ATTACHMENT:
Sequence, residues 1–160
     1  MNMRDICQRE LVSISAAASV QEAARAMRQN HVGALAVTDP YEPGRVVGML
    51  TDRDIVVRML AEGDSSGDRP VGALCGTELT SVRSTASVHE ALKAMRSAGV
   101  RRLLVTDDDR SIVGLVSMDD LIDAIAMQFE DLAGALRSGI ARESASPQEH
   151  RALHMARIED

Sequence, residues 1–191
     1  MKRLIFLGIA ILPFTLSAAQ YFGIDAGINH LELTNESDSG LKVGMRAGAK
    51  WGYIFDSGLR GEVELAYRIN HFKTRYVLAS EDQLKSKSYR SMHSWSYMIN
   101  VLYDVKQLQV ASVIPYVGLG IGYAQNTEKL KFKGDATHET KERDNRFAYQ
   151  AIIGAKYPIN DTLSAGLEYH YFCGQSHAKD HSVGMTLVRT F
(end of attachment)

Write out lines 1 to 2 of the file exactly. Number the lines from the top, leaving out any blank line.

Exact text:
Sequence, residues 1–160
     1  MNMRDICQRE LVSISAAASV QEAARAMRQN HVGALAVTDP YEPGRVVGML